French President Emmanuel Macron has warned that Europeans cannot be protected without a “true, European army”, as he marks the centenary of the World War One Armistice.
On a visit to the former Western Front in Verdun, he said Russia had shown it could be a threat and Europe had to be able “to defend itself better alone”.
Russia’s president will be among world leaders marking the Armistice in Paris.
Macron has already proposed a joint intervention force for crisis missions.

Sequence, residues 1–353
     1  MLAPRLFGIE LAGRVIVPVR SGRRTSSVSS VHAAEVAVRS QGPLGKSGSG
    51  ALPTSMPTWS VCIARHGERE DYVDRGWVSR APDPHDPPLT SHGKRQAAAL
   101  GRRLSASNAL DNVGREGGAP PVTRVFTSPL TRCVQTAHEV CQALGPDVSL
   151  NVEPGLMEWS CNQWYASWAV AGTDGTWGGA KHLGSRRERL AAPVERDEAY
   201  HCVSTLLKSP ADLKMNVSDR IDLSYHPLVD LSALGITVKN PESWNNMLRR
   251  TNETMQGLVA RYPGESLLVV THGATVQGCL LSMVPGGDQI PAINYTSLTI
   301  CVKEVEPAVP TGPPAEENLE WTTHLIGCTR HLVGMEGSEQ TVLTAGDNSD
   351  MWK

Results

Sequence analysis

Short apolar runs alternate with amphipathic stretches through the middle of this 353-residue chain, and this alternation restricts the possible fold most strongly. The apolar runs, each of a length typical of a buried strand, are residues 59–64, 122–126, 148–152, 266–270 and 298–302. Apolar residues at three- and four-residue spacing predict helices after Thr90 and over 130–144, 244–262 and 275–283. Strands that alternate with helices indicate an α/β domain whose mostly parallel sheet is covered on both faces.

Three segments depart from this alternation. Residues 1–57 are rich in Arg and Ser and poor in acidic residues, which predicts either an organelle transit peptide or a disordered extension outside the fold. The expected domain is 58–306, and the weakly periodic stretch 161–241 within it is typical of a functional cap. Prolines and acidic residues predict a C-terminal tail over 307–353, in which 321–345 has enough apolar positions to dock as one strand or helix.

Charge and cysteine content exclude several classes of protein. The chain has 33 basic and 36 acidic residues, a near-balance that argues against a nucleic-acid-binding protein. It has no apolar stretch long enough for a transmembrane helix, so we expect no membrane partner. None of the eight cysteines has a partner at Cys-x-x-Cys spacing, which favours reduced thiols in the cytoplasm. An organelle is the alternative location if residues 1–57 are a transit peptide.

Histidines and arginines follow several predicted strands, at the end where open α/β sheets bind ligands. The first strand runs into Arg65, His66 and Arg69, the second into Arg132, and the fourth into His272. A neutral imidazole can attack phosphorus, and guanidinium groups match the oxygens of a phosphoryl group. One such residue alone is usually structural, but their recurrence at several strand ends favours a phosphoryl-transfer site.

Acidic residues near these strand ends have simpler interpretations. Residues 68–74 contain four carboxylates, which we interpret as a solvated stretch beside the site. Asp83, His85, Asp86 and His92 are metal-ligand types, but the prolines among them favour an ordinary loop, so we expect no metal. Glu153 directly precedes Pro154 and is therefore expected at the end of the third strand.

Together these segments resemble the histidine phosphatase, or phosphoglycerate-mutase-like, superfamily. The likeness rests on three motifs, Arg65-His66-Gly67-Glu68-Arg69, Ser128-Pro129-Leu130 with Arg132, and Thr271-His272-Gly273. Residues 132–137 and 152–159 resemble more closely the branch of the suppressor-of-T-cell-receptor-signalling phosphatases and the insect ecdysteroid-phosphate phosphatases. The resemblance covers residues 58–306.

German Chancellor Angela Merkel backed the idea of an intervention force in June, but said it would have to be part of “the structure of defence co-operation”.
The UK, while in favour of such a joint force, is opposed to a European army, because of the potential risk of creating a parallel structure to Nato.
Macron has already warned that Europeans can no longer rely on the US to defend them, and he revived the theme on Tuesday, in response to President Donald Trump’s decision to pull out of a 1987 nuclear treaty with Russia, banning medium-range ground-launched missiles.